For every insipid, automaton disc jockey-producer, there are innovative minds like Anna Lunoe, Four Tet, and the Black Madonna, whose eclectic, infectious sets display impeccable taste, a wealth of knowledge, and boundless creativity. Over the past few years, many underground artists have been thrust into the mainstream spotlight and lost the je ne sais quoi that made them unique. Regardless, there will always be new musicians, producers, singers, and visionaries to replace them, those who bring something novel to the table or tip a hat to their predecessors in a way that steps beyond homage and exhilarates as it did decades before.

As electronic music continues to evolve and its endless sub-genres continue to expand, so do fickle tastes, and preferences become more and more subjective with a seemingly endless list of artists to sift through. With so much music to digest, its no wonder that many artists remain under the radar. This list hopes to remedy that injustice and celebrate tracks both indie and mainstream. From the "shamanic techno" of Parisian duo Pouvoir Magique to Stockholm Noir's brilliant string of darkly foreboding, electro-licked singles, here are ten selections that represent some of the more intriguing dance offerings of 2017.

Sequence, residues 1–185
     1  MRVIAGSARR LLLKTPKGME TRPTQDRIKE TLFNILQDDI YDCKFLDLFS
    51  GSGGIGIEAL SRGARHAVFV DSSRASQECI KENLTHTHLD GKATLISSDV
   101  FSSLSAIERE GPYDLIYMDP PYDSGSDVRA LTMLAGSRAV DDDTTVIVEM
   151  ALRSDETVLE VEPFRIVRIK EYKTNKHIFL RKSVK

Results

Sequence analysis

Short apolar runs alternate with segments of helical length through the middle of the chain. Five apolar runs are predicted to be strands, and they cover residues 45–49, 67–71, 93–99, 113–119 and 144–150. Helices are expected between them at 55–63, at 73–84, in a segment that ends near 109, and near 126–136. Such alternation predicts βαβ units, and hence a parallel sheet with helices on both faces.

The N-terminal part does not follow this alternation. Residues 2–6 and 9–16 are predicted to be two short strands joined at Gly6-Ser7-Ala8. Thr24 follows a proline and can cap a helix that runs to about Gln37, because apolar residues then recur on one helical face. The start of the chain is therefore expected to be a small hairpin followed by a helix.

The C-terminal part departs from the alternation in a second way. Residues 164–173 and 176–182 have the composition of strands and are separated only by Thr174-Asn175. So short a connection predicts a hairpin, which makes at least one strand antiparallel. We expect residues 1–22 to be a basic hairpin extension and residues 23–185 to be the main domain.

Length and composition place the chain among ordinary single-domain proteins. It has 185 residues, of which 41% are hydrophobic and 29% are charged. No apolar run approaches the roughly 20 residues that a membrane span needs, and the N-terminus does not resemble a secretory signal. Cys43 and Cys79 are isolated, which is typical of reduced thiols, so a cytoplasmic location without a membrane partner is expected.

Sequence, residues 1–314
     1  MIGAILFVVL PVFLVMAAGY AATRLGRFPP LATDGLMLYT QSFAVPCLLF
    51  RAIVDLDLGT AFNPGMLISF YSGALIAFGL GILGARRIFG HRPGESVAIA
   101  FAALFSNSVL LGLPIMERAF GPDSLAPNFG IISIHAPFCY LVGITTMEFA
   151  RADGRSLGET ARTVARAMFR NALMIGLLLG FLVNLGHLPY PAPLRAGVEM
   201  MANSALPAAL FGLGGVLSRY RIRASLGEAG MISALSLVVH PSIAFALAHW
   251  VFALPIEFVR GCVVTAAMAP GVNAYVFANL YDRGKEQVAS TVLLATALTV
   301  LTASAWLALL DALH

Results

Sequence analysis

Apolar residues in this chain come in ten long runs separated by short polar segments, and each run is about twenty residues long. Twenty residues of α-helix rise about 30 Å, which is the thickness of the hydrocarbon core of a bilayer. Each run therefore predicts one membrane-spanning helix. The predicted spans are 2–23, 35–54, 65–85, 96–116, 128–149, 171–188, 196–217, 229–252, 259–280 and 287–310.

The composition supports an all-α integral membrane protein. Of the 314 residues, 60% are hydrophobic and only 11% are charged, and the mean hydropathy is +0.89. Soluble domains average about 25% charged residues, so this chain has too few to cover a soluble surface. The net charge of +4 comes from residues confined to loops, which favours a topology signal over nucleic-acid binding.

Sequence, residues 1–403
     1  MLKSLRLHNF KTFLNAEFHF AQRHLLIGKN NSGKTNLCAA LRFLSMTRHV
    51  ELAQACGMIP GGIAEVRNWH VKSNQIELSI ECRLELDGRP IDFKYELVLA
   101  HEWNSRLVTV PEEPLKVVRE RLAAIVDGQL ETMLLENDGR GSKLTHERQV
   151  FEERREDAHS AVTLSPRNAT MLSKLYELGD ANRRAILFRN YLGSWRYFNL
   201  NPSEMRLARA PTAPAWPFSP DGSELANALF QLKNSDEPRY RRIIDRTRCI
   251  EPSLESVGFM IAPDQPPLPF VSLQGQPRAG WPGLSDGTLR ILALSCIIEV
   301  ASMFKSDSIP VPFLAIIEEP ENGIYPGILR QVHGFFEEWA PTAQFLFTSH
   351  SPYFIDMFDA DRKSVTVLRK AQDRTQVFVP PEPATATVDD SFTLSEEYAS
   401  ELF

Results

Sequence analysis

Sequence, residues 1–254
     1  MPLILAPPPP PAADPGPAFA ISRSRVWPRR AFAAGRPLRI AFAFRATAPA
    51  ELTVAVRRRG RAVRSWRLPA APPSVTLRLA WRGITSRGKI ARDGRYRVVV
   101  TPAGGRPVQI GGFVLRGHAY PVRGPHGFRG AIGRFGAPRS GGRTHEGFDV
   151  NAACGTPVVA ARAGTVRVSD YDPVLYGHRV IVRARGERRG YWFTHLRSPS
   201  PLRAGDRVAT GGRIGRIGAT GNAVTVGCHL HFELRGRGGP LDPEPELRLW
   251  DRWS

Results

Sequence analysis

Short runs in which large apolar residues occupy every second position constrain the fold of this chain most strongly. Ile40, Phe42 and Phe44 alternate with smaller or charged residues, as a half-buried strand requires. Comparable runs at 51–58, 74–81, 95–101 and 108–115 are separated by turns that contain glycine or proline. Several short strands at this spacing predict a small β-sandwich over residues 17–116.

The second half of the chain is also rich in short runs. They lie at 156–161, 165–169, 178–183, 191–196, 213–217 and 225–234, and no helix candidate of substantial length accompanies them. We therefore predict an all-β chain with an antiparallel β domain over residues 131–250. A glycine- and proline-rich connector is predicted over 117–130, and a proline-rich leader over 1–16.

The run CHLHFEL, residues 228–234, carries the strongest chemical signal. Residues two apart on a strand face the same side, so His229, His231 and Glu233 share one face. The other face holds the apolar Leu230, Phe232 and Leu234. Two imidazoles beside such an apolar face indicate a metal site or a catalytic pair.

10. Moullinex - “Work It Out (feat. Fritz Helder)”

Taken from Portuguese producer, DJ, and multi-instrumentalist Luis Clara Gomes' third album Hypersex, "Work It Out" like all of its surrounding companions is a self-proclaimed, "collective love letter to club culture, and a celebration of love, inclusion and difference." Dance music has always seemingly been a safe haven for "misfits" standing on the edge of the mainstream, and while EDM manufactured sheen might have taken the piss out of the scene, Hypersex still revels in that defiant, yet warm and inviting attitude.

Like a cheeky homage to Rick James and the late, great High Priest of Pop, Prince, this delectably filthy, sexually charged track with its nasty, funk-drenched bass line, couldn't have found a more flawless messenger than former Azari & III member Fritz Helder. As the radiant, gender-fluid artist sings, "you better work your shit out", this album highlight becomes an anthem for all those who refuse to bow down to BS. Without any accompanying visuals, the track is electro-funk perfection, but the video, with its ruby-red, penile glitter canon, kicks the whole thing up a notch.